The objective of this chapter is to analyze the opinions of structured interviews made during the field study. An analyses of the opinions, their relative effect on the structure of the Triangle hypothesized in Chapter 5. Opinions on existing savings and credit programmes that followed the three approaches - top-down, bottoms-up and the cocoon approach were also solicited. Practical considerations and opinions by actual actors will be used in later chapters for developing the Triangle. During the field work, conducted in Bangalore, India during November-December, 1995, the following respondents were interviewed for their views: bank managers, NGOs, people's groups leaders, social workers, academicians, researchers and consultants.

    A total of 12 programmes were evaluated for their organizational and operational features. Their interlinkages with actors and actions was overlaid on the hypothetical Triangle of developed in Chapter 5. Three examples of an NGO, Bank, and people's organization is presented here.

    Besides validating the Triangle, the field work highlighted many important components of the Triangle:

    The three nodes are functioning organizations and hence need to develop specificity in their participation in the Triangle. Thus -
    • The P-ORG should have a credit front' facing the triangle with sensitized members, trained leaders and staff. The other activities of P-ORGs would include income-generating projects (IGPs), education, health, sanitation.
    • The NGO should have a savings and credit front' facing the triangle, with trained professional/motivated field staff and resources. The other activities include IGPs (training, workshops, meetings), education, health, sanitation etc.
    • The Bank should have a low-income groups front' with an Urban Technical Officer who works as an interface between the bank and the Triangle.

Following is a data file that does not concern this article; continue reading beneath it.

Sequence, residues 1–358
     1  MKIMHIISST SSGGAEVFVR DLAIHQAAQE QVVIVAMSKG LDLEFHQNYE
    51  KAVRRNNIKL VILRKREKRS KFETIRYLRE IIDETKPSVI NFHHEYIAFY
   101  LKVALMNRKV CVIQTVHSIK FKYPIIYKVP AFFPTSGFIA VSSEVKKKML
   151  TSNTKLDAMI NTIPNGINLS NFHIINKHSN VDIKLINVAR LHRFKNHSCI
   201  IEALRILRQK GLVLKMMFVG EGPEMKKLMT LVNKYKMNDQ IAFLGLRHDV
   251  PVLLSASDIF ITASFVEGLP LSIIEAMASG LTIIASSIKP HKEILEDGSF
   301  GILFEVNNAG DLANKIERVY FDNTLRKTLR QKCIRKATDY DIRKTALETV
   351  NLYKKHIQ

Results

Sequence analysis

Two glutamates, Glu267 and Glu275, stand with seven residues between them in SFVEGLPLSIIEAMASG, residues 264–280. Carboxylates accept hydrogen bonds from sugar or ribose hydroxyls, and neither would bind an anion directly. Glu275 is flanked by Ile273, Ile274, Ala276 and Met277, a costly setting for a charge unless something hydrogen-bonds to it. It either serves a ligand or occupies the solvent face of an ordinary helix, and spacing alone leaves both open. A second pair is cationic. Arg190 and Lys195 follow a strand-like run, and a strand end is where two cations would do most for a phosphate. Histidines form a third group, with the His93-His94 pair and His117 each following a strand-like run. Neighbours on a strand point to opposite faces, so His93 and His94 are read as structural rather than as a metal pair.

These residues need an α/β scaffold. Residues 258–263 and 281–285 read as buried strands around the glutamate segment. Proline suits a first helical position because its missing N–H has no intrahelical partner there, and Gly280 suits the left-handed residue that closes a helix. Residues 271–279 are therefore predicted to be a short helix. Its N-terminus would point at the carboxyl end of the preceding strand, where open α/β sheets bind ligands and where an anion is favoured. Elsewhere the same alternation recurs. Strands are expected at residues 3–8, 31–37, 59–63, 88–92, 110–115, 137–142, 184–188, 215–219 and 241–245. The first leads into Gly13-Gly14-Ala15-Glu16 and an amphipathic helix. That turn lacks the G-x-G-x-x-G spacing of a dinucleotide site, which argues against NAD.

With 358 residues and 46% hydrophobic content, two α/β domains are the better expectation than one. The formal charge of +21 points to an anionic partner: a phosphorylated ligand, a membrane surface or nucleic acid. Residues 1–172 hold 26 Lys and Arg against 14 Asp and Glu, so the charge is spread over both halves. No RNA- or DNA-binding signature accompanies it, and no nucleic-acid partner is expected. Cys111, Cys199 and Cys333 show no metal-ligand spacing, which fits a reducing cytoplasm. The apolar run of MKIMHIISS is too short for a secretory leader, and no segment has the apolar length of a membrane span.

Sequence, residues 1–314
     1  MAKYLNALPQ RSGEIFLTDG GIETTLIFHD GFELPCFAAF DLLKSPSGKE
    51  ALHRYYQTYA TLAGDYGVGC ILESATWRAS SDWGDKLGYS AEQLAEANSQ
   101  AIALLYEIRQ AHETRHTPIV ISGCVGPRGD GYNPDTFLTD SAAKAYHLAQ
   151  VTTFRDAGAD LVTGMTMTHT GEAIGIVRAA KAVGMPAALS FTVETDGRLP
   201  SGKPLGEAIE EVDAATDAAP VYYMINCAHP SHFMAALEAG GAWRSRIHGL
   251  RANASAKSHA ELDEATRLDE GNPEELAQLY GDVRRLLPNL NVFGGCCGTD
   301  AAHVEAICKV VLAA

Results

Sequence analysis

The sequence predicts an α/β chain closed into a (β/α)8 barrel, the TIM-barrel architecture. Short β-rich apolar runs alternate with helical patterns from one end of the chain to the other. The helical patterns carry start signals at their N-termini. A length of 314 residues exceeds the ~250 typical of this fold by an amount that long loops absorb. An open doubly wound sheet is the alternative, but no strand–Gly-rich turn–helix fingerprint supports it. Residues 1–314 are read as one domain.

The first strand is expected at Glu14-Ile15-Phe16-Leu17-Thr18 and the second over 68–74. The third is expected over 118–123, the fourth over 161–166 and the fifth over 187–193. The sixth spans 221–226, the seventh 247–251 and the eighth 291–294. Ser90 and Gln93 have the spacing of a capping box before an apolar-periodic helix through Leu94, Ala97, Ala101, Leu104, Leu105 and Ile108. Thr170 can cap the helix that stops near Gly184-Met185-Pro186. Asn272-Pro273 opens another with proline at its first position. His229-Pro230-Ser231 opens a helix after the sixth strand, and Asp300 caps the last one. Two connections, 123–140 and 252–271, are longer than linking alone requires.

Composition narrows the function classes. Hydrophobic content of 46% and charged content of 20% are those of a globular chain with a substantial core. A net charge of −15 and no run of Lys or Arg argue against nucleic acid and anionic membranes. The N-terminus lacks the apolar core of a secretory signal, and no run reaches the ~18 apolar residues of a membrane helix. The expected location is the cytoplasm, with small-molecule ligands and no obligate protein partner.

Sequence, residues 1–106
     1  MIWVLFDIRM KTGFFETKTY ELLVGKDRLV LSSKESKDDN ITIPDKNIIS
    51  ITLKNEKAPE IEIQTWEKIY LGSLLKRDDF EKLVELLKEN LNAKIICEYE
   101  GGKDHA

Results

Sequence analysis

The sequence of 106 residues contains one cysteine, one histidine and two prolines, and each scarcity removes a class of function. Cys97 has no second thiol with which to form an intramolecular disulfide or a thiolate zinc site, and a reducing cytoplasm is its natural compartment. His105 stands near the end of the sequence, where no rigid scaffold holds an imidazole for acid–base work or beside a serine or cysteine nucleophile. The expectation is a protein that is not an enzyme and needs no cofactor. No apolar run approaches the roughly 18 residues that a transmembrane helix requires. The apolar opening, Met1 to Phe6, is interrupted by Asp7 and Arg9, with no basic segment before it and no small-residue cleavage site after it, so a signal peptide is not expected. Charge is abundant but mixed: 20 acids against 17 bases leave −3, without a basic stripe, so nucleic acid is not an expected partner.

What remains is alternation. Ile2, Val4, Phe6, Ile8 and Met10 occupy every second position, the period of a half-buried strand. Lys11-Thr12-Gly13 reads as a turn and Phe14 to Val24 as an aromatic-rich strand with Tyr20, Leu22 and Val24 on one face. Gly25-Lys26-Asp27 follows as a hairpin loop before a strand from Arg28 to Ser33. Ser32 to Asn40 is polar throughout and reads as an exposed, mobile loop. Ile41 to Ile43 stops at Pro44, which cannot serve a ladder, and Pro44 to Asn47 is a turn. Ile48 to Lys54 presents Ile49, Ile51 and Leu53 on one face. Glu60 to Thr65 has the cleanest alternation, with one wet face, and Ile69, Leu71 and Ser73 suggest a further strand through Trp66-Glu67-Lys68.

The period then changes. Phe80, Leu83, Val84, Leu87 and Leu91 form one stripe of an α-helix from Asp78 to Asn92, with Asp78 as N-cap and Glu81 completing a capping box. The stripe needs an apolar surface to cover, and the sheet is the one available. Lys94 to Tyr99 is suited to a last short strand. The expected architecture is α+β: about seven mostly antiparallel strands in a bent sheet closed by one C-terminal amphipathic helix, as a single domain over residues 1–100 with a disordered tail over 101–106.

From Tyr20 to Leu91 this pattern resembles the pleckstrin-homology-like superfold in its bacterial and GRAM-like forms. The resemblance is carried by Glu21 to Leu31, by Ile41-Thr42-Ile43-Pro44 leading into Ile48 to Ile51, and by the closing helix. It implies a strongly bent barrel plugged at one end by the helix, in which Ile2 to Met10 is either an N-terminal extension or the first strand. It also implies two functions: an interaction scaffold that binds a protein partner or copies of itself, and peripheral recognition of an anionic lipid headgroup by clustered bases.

In activating the nodes, it is also important to understand the external factors that affect and influence its functioning and participation. Two main components of the people's organizations activities which have to be extensively supported by both NGOs and banks are its organizational development and the savings and credit programme.

    Organizational development Savings and credit programme
    leadership identification and training; organizational bye-laws and constitution; procedure for group/community meetings; communication methodologies; vision/goals development; decision-making process and responsibilities etc. credit loan terms and conditions, (from internal savings, from bank's group loans, from equity participation); grants from NGO for development; training in financial management (book keeping, records etc. ); dispute resolution, auditing and reporting, evaluation and monitoring etc.


    CHAPTER 6: The Three Nodes: Banks, NGOs and People's Organizations

    The objective of this chapter is to outline the roles being played by each node of the Triangle: the Commercial Bank Node, the NGO Node and the People's Organization node. It also aims to understand the dynamics of the interrelationships between the three nodes of the Triangle from monadic, dyadic and triadic view-points.